Life Habits


In any part of life, there is going to be times when you need to make revisions. Plans change and things come up so you have to make adjustments. Something that I wish I had realized long ago, is that revisions can be made the same way across different areas in your life. When an event comes up in life, you just make adjustments and maybe choose priorities, but you keep going with life.

If you intend to be a writer, you’ll learn to make revisions as often or more as writing. I think it’s the same with any creative occupation, and any area in which you hope to succeed. Revising is just part of life and unavoidable. So wouldn’t it be nice if we could figure out how to do it? It’s true that every situation is different, but there is still a basic pattern.

I started writing when I was 8 years old, and I was probably 10 when I had stories that I stuck with longer than one sitting. Around that time is when I discovered that there is always a better way to write a story. I would begin writing a story and then write a completely new beginning. Then, when I would read it later, I’d think of a better way for it to begin and start again. The result is about a dozen beginnings and no middles or ends.

I will not say that revising is a bad thing, because that prevents us from having a lot of crappy books. Revising is a very good thing, but it needs to be done right. You can’t make changes to something that doesn’t completely exist. You can’t remodel a house before it’s been built. While revising is important, writing does have to come first.

Write like crazy and get the whole story down, even if there are gaps and some things may not make sense. Once that’s done, then you’ve got something to work with, and you can get started on the revisions. But at this point, you still need to keep your revising brain under control and revise in the right order.

The first step is to keep your first draft. You don’t give up on your entire life and lifestyle because you get sick and have to visit the doctor. Things aren’t perfect, but you’ve got good things to work with, so hold onto it.

Second step to revisions is the big picture stuff. Look at the storyline as a whole, are there gaps or unresolved issues in the story? Do characters have their own progressions and a full and complete arc? Are there any impossibilities that need to be fixed? Fix them.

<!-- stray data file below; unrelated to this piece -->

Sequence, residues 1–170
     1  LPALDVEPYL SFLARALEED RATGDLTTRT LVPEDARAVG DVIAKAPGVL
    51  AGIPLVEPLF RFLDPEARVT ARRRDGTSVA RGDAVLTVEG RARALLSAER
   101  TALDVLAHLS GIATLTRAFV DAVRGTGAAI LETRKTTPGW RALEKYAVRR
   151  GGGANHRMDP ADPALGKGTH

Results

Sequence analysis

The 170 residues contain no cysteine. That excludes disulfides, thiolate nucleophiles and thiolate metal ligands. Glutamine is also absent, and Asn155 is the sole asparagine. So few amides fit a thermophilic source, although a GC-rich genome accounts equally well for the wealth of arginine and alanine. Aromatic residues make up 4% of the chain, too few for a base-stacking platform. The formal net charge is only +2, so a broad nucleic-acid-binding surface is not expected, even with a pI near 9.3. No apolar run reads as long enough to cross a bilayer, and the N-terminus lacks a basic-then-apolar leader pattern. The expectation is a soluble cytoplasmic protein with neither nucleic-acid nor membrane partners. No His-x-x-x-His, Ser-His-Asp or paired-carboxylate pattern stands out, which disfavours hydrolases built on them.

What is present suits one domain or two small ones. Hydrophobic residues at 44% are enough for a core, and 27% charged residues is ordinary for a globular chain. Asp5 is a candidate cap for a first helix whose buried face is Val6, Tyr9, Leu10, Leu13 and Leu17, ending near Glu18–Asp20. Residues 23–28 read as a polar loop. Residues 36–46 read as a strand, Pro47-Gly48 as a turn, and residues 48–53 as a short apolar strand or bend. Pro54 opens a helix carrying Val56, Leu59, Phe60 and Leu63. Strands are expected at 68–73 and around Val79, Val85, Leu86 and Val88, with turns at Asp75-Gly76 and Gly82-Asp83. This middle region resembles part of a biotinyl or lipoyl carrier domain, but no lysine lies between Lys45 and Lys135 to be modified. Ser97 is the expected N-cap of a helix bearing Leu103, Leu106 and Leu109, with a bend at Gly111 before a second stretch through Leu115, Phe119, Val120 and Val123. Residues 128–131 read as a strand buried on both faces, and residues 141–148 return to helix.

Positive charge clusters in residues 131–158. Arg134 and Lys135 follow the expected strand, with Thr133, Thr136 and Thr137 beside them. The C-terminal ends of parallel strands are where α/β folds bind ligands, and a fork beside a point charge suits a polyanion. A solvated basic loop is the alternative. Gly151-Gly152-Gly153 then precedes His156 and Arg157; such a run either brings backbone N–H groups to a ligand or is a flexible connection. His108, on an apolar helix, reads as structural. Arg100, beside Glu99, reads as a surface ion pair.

Step three is looking over the new revision and ensuring that it passes the big issues and you can look at the medium sized problems. This can be things like how you want to increase emotion in a certain scene, or you want to add foreshadowing.

The Fourth Step is to find all the nit-picky things. This is the functional things like grammar and spelling. You may want to make sentences a bit more concise and find the perfect word. But this step is when you’re making sure that this draft is ready for the public.

Each of the steps may include multiple drafts, they’re just the main steps of revision. I’ve found that I apply this revision process to cleaning. I look at a room and find the big things that need to be taken care of. Sometimes it takes a lot of trips to take care of the large, medium, small things that don’t belong in the room.

I’ll be honest, I haven’t gotten to the fourth step very often, mostly because I don’t follow the first step, and I try going straight to the third step. Revising isn’t about making things perfect at once, it’s about taking the steps to make it a bit better and making progress.

Apply this in all areas of your life! Hold onto the progress you have and just take one step at a time to make things better. Revise your habits, your routines, your bedroom, your writing. Learn and love the process. Happy revising! #amrevising

3 thoughts on “Revising”

  1. I like that concept of “revising” things in our life, but not getting rid of the first draft. The good intentions are there…just need to put them into action.

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